Where does Human papillomavirus come from and How are HPV infections prevented?

Warts, the kind that appear on the skin, often of older children, are common and benign.

There are various treatments that can get rid of them, but most of them go away by themselves after a year or two. Yet there are many viruses, probably 60 or more, that cause warts, and the warts these viruses cause are not all alike. Some of them have consequences that are not benign.

Human papillomavirus (HPV) is transmitted during sexual contact. This is the virus that causes genital warts, although a person can be infected with HPV and have no symptoms.

At any one time, 20 million Americans are infected with HPV, and the disease is quite contagious, there are 5.5 million new infections every year. There are 30 different types of HPV that can infect the genitals. Some cause warts, others don’t, and most of these infections clear up by themselves, although reactivation is always possible.

There are treatments for the warts, including some that can be done by the patient such as using podofilox and imiquimod, which are creams or gels that can be applied directly to the warts. A health care professional can also apply the topical preparations podophyllin resin, trichloroacetic acid (TCA), or bichloroacetic acid (BCA). Injecting interferon directly into the warts can also be effective. A doctor can perform cryotherapy (freezing) or surgical removal. But the types of HPV that don’t cause warts are more common.

When these latter infections are persistent, there is no effective treatment, and they can lead to cervical, penile, and anal cancer. Persistent infection of the cervix with certain of these viruses is the chief risk factor for cervical malignancies, there are four of them that account for 80 percent of cervical cancer. Although researchers are now working on it, there is still no vaccine to prevent HPV.

Sexually transmitted HPV is very common among reproductive age Americans. Estimates are that 75 percent of that population has been infected at one time or another, and that currently 15 percent of Americans between 15 and 45 have HPV. In a study of female college students, 43 percent became infected during the three-year period of the study. Among women under 25, studies show prevalence rates of between 28 and 46 percent.

Most HPV infections don’t have any symptoms, and there isn’t any way to tell if you have it by a physical exam or even by an examination of a sample of cells under a microscope. Some types of HPV cause abnormal Pap smear results, but the most reliable way of finding out if you are infected is through a test that reveals the presence of HPV DNA.

The most common serious consequence of HPV infection is cervical cancer. Most types of the virus don’t lead to cancer, but more than 90 percent of cervical cancers are preceded by some form of HPV infection. This doesn’t mean that HPV is the cause of cervical cancer, many other factors are involved, including the number of sex partners, age at first intercourse, other infectious agents besides HPV, cigarette smoking, certain dietary deficiencies, and immunosuppression. But HPV infection is certainly one of the most powerful risk factors, and preventing HPV infection would surely lower the number of cases of cervical cancer.

The best method for detecting cervical cancer at its earliest possible stage is an annual Pap smear and pelvic examination for all women who are or who have been sexually active or who have reached age 18. After a woman has had three or more consecutive satisfactory normal annual examinations, the Pap test may be performed less frequently at the discretion of her physician.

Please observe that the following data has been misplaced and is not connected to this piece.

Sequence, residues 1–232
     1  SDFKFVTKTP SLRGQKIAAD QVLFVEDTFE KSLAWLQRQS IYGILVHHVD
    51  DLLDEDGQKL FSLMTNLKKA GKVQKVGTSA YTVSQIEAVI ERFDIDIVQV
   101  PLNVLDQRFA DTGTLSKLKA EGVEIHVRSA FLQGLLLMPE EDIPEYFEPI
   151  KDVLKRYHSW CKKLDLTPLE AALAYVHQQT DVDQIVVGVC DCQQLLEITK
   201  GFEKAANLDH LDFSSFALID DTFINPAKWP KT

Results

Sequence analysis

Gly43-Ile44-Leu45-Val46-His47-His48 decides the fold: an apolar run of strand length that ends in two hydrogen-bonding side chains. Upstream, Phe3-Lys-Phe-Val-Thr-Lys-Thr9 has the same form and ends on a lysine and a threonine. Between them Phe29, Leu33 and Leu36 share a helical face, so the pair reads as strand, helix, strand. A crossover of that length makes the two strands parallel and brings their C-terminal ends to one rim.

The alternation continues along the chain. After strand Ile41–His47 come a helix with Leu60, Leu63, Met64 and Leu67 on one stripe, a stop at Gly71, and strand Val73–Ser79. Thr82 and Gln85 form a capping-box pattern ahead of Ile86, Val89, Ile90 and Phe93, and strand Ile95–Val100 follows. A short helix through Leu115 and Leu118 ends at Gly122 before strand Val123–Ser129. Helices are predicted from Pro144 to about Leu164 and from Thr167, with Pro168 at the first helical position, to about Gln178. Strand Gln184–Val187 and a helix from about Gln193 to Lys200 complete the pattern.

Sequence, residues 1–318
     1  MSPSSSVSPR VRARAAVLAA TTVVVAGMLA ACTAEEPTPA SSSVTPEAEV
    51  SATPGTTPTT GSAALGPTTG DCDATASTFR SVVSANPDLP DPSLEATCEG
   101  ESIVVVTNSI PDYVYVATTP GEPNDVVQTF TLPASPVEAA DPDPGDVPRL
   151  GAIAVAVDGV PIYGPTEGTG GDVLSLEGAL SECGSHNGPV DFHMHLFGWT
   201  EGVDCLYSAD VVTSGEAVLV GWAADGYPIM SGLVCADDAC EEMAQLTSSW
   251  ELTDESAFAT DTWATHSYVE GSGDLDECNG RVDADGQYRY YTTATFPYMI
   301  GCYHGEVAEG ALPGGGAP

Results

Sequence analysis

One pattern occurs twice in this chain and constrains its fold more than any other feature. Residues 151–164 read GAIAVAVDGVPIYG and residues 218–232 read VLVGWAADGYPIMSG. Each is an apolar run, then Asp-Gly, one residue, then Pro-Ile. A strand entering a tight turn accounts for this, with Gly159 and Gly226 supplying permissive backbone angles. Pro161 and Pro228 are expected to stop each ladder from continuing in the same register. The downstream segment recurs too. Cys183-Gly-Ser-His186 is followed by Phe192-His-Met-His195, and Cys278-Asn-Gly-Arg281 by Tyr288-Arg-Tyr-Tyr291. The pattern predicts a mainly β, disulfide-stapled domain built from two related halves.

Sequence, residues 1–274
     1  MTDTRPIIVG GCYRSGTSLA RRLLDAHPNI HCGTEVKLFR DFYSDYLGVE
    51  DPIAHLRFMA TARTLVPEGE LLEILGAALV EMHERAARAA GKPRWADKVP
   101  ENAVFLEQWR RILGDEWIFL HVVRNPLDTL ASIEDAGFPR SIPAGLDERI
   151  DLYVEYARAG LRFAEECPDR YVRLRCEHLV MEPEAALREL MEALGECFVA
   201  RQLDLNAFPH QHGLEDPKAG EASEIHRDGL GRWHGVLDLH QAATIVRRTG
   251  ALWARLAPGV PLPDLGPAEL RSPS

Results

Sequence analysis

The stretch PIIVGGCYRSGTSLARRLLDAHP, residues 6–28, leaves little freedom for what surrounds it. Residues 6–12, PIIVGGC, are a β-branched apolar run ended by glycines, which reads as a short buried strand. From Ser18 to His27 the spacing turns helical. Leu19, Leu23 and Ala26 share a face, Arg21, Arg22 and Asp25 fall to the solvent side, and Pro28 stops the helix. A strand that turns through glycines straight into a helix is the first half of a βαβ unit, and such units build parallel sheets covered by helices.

HPV infection also puts you at greater risk for anal cancer, a relatively rare malignancy but one with an increasing incidence. Over the past 25 years there has been a substantial increase in anal cancer among men who have sex with men, and a somewhat smaller increase among women. Although anal Pap smears are not widely used for this purpose, they may be as sensitive a detector of anal cancer as they are of cervical cancer, and there is reason to believe that screening for anal cancer among susceptible populations may be worth the effort. There is no test for penile cancer, it can only be found by biopsy of a suspicious lesion found on physical examination.

Prevention of HPV infection is fraught with problems. The spread of HPV is a function of three factors: how easily the virus can be transmitted, the duration of the infection once you have it, and the number of new partners an infected person has.

Condoms probably don’t benefit either men or women because HPV can involve the external genital skin and not just the mucosal linings of the reproductive tract. There is some evidence that certain microbicides may be effective in inactivating HPV, but this is still uncertain and there is currently none approved for use. There is no pill or shot for HPV as there is for syphilis and gonorrhea. The treatment of genital warts reduces viral DNA and mRNA in subsequent biopsies, but nearby clinically normal skin or mucosa often contain HPV, which may explain why people get reinfected.

What should you know if you are infected? You should know that there is a high prevalence of the infection among sexually active adults, that the infection is contagious through sexual activity, and that it can be persistent for an indefinite amount of time after treatment. You should know that condoms don’t help prevent transmission, but that their use for the prevention of other STDs is still important.

Because HPV is so common among sexually active people and because the duration of infectiousness is unknown, the value of disclosing a past infection to a sexual partner is unclear. Still, frank discussion of past STDs is almost always a good idea.